When I look at the paintings of George W. Bush, it’s like seeing an incubus on America, as freakish and off-putting as his presidency was. Yet the art critic in me has to grant that if I stumbled on three or four of Bush's paintings in a flea market by an anonymous artist, I'd snap them right up. The first batch of his paintings we saw, in 2012, were of landscapes, churches, Bush himself in the bathtub, and other scenes, and I liked them for their sheer weird obliviousness, their zonked-out earnest attempts at figuration, the odd feel for form and space, light, color, and softly contoured edges. If I didn't know they were by Bush, I'd imagine they were made by a diligent high-school senior, maybe a beauty queen perfecting her talent, maybe a mischievous frat boy spying on his father, possibly an onanist. I liked these amateurish paintings for their perverted pictorial twists and psycho subject matter. Now Bush is having his first-ever solo exhibition of 30 of his new oil paintings, most of which are portraits of world leaders. It’s at his presidential library, with the bogus title "The Art of Leadership: A President's Personal Diplomacy," and we are all considering Bush As Artist once again.
When a hacker first made them public in 2012, Bush’s paintings were the first things about the man that didn't give me the heebie-jeebies. I fancied this misguided ex-President picturing himself in small spaces, alone, ruminating, naked, without guilt or dark nights of the soul, happily embracing his fragility and know-nothingness. I thought that they were the beginning of Bush leaving a painterly trail to his inner thinking. I'd buy the paintings of the man in the bathtub and the one of him in the shower looking back at us plaintively in a shaving mirror. I was stunned by this work at the time. I still am. Try to conceive of Abraham Lincoln taking up painting after his presidency. Then imagine him choosing to render himself naked in a bathtub, and you'll see how creepy-interesting Bush's bathtub paintings are.
Still, many art-worlders hate that Bush's work is granted the status of art at all. Critic Peter Plagens is furious about it: "The whole kerfuffle about George W. Bush's paintings is the result of a clever political maneuver by the forces of the Right (a.k.a. the Republican Party) to soften the Bush name so that Jeb can make a presidential run ... Who the f**k cares about George Bush's paintings!" I agree. Nevertheless, I'm compelled to examine what's here, since it seems unlikely that—except perhaps by the alchemy of art, which makes unpredictable things come to light—a man like George W. Bush will ever come to consciousness or make a confession of the destruction he wrought. (Let me note here that I haven't seen any of them in person.) That’s why, in 2012, I urged him to keep painting, to get good enough to let us see more of what he sees and saw. More recently, when we saw a few more paintings, there was evidence that he was getting worse rather than better: He was, it seemed, relying less on his own vision and more on anonymous photography and clichéd imagery, making pictures of pets and a caricature of Jay Leno.
And now? Once again, the paintings are weird. The bizarrely skewed portrait of Vladimir Putin makes no pictorial sense whatsoever but somehow coheres as a painting, and I'd buy the one of Tony Blair that looks like it has a face painted over another face and reedy pinkish lips that might start speaking, as in the old Clutch Cargo cartoons. But truth always will out. Bush has returned once and probably for all to aping the idea of what a painter does. Now, as during his presidency, he acts the role. He lacks his own ideas, and substitutes a notion of how past leaders have acted. We get an ersatz picture of how he learned to behave like a leader—just as in the funny way he used to hold his arms out when he walked around the White House, or when he was on the golf course threatening terrorists and then telling reporters "Now watch this drive." The new paintings include a self-portrait. Tellingly, it is the least finished, least focused, and most vague of all his pictures. There's a labored portrait of his father, the largest head he's ever painted, as if this is the face and figure that really fills his world. In Putin, the man who had Bush at hello, we see W still trying to fathom how he got so played. We see the Dalai Lama (one can only imagine what he made of Bush), King Abdullah (the painting that looks the most like a Luc Tuymans), and—in another painting I might buy because it has some of the collapsed strangeness and fleshy light of the Blair picture—Japanese prime minister Junichiro Koizumi.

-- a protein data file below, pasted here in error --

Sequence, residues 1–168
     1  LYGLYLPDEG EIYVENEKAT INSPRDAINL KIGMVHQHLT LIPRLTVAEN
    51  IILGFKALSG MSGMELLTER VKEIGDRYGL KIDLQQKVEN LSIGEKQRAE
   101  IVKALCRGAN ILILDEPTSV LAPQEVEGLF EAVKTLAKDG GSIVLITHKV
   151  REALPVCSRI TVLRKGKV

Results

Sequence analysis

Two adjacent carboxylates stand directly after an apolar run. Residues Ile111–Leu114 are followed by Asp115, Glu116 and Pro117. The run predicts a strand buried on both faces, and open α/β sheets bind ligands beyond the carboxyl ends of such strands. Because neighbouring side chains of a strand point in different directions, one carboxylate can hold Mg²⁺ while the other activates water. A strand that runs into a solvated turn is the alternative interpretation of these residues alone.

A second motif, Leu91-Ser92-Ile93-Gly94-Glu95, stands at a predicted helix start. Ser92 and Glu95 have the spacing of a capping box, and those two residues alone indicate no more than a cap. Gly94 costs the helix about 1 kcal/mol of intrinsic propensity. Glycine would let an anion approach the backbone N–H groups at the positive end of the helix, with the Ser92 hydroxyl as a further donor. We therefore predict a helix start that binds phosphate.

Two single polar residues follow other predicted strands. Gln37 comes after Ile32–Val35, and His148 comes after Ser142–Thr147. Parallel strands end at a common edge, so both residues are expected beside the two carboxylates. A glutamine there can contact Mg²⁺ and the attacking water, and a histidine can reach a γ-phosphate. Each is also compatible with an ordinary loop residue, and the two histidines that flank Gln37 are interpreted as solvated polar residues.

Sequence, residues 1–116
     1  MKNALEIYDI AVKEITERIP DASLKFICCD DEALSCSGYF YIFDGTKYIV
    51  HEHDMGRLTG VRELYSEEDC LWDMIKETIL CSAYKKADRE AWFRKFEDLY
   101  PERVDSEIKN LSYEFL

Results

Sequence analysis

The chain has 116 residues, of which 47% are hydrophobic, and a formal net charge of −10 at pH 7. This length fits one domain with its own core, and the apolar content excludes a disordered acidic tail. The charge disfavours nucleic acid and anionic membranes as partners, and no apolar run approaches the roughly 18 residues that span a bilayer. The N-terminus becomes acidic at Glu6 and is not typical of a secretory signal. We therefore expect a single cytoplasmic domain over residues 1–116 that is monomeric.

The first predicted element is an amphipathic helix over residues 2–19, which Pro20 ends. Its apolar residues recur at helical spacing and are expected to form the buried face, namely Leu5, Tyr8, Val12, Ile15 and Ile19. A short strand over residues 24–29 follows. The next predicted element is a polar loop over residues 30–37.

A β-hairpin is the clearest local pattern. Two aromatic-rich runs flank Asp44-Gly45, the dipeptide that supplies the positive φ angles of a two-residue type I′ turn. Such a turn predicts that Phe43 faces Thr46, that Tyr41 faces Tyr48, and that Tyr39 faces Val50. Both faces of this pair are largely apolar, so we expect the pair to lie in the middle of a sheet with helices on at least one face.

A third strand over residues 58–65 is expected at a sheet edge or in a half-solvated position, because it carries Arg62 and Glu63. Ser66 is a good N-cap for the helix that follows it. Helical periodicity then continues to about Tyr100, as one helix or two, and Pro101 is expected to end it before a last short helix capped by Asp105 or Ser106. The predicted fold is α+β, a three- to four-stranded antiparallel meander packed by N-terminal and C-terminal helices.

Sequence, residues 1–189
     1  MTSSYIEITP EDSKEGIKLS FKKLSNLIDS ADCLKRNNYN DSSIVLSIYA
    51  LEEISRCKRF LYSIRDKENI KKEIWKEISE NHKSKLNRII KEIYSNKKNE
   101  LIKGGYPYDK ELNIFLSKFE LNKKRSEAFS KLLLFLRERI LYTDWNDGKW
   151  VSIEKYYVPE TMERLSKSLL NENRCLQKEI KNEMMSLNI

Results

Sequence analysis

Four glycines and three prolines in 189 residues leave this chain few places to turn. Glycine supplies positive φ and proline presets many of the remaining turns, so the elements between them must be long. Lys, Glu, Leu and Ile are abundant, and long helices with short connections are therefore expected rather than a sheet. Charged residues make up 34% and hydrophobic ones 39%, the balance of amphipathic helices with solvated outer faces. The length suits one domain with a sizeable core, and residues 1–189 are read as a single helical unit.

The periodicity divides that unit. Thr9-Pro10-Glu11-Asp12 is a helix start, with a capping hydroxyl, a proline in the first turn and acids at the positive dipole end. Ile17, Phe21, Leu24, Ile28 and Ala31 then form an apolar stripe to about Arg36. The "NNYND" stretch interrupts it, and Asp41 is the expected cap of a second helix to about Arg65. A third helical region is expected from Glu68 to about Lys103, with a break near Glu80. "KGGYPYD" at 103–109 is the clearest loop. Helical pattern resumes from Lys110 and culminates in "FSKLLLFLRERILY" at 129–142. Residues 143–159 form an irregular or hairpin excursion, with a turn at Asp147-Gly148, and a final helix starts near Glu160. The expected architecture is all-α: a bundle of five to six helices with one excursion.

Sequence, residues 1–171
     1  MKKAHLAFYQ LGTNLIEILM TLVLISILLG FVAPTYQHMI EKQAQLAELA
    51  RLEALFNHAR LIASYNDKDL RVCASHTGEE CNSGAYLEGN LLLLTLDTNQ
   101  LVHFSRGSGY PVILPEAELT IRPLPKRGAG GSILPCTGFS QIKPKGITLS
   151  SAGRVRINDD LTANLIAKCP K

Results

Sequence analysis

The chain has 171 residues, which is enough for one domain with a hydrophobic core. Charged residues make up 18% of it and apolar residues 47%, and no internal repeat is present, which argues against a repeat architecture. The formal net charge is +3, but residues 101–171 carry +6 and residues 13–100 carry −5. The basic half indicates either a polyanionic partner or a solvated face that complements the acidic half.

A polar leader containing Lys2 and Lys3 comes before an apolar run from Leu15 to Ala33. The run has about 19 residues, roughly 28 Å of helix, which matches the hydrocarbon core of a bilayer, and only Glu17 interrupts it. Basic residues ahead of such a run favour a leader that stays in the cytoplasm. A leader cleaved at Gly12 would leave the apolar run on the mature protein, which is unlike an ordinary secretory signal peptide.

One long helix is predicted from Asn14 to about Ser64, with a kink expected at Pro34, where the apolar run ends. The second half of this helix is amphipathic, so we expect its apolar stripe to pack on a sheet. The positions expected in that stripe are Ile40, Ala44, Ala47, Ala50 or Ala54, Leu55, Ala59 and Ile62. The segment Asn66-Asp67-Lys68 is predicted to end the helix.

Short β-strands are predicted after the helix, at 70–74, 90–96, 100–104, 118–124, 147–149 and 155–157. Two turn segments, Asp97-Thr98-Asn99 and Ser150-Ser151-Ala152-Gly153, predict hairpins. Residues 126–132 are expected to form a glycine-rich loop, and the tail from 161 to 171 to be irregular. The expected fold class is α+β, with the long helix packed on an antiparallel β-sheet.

As with all things Bush, the content that comes out of the pictures is not a man exploring his own vision and his deeper feelings. The content that speaks volumes in Bush's work now is what he's not painting. His own cronies are missing: Karl Rove, Dick Cheney, Donald Rumsfeld, Colin Powell, Condoleezza Rice, and the Fox News personalities and right-wing talkers who cheered Bush to war. Imagine Bush painting his view of the 2000 election. Or of his landing on that aircraft carrier; of the torture at Abu Ghraib; of bringing the US economy to its knees. Picture a self-portrait of him flying over New Orleans after Katrina or meeting with FEMA director Michael Brown. Think of a self-portrait in the Oval Office, perfecting efforts to stop gay marriage or watching Colin Powell talking about yellowcake uranium at the UN. Or anything to do with bringing America to war under false pretenses and costing the lives of tens of thousands. As Stalin edited people of out photographs to erase them from history, Bush occludes the parts of his presidency that don't fit his own storyline. He avoids real life and looks away. When I look at Bush's latest paintings I know I'm looking at the real degenerate art.